In the meantime, several states have either enacted or introduced state-specific crowdfunding legislation.

Federal Authority for State Crowdfunding Legislation

Both the federal government

Oct142014

Depositing Penny Stocks with Brokers Creates Obstacles; SEC Charges E*Trade with Section 5 Violation

ABA Journal’s 10th Annual Blawg 100

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Introduction

On October 9, 2014, the Securities and Exchange Commission (“SEC”) filed an enforcement action against E*Trade Securities and E*Trade Capital Markets for selling billions of shares of unregistered and otherwise restricted penny stocks for their customers.  The SEC found that the firms processed the sales on behalf of three customers while ignoring red flags that the offerings being conducted were in violation of the federal securities laws in that the shares were neither registered nor subject to an available exemption from registration.  E*Trade Securities and E*Trade Capital Markets settled the enforcement proceeding by agreeing to pay a total of $2.5 million in disgorgement and penalties.

The SEC press release on the matter quoted Andrew J. Ceresney, Director of the SEC’s Division of Enforcement, as saying, “Broker-dealers serve an important gatekeeping function that helps prevent microcap fraud by taking measures to ensure that unregistered shares don’t reach the market if the registration rules

Aug122014

Corporate Communications During the Public Offering Process; Avoid Gun Jumping

The public offering process is divided into three periods: (1) the quiet or pre-filing period, (2) the waiting or pre-effective period, and (3) the post-effective period.  Communications made by the company during any of these three periods may, depending on the mode and content, result in violations of Section 5 of the Securities Act of 1933 (the “Securities Act”).  Communication related violations of Section 5 are often referred to as “gun jumping.”  All forms of communication could create “gun jumping” issues (e.g., press releases, interviews, and use of social media).  “Gun jumping” refers to written or oral offers of securities made before the filing of the registration statement and written offers made after the filing of the registration statement other than by means of a prospectus that meet the requirements of Section 10 of the Securities Act, a free writing prospectus or a communication falling within one of the several safe harbors from the gun-jumping provisions.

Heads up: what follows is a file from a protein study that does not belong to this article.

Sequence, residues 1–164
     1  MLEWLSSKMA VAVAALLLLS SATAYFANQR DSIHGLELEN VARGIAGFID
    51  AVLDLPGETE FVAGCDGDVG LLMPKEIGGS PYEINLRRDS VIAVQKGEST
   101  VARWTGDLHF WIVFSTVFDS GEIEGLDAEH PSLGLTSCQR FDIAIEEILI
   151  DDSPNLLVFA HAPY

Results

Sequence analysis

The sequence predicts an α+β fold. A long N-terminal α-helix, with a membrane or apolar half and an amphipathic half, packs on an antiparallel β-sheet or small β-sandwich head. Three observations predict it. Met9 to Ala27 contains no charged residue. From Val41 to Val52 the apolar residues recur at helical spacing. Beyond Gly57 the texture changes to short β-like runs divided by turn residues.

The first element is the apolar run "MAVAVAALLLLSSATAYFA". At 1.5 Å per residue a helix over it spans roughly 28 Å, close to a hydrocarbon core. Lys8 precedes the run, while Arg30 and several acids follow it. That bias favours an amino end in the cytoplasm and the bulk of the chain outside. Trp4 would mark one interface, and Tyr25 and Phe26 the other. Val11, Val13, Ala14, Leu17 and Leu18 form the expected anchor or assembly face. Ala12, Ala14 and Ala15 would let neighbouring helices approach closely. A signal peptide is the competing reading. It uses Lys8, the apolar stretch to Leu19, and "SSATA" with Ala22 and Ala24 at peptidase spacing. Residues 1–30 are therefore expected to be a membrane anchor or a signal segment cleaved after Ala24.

Section 5(a) of

Jan072014

The DPO Process Including Form S-1 Registration Statement Requirements

One of the methods of going public is directly through a public offering.  In today’s financial environment, many Issuers are choosing to self-underwrite their public offerings, commonly referred to as a Direct Public Offering (DPO).  Management of companies considering a going public transaction have a desire to understand the required disclosures and content of a registration statement.  This blog provides that information.

Pursuant to Section 5 of the Securities Act of 1933, as amended (“Securities Act”), it is unlawful to “offer” or “sell” securities without a valid effective registration statement unless an exemption is available.  Companies desiring to offer and sell securities to the public with the intention of creating a public market or going public must file with the SEC and provide prospective investors with a registration statement containing all material information concerning the company and the securities offered.  Currently all domestic Issuers must use either form S-1 or S-3.  Form S-3 is limited to larger filers with

Oct222013

How to Complete an Unregistered Spin-Off

A spin-off is when a parent company distributes shares of a subsidiary to the parent company’s shareholders such that the subsidiary separates from the parent and is no longer a subsidiary.  The distribution normally takes the form of a dividend by the parent corporation.   In Staff Legal Bulletin No. 4, the Securities and Exchange Commission (SEC) explains how and under what circumstances a spin-off can be completed without the necessity of filing a registration statement.

In particular, the subsidiary shares (the shares distributed to the parent company shareholders) do not need to be registered if the following five conditions are met: (i) the parent shareholders do not provide consideration for the spun-off shares; (ii) the spin-off is pro-rata to the parent shareholders; (iii)

Oct042012

CROWDFUNDING FROM A TO Z

As the expected deadline for the SEC to publish rules and regulations enacting the Crowdfunding Act (Title III of the Jumpstart Our Business Startups Act (JOBS Act)) grows nearer, it is a good time for a complete overview of crowdfunding.  New Sections 4(6) and 4A of the Securities Act of 1933 codify the crowdfunding exemption and its various requirements as to Issuers and intermediaries.  The SEC is in the process of drafting the underlying rules and regulations which will implement these new statutory provisions.

A. WHAT IS CROWDFUNDING?

The Crowdfunding Act amends Section 4 of the Securities Act of 1933 (the Securities Act) to create a new exemption to the registration requirements of Section 5 of the Securities Act.  The new exemption allows Issuers to solicit “crowds” to sell up to $1 million in securities as long as no individual investment exceeds certain threshold amounts.

The threshold amount sold to any single investor cannot exceed (a) the greater of $2,000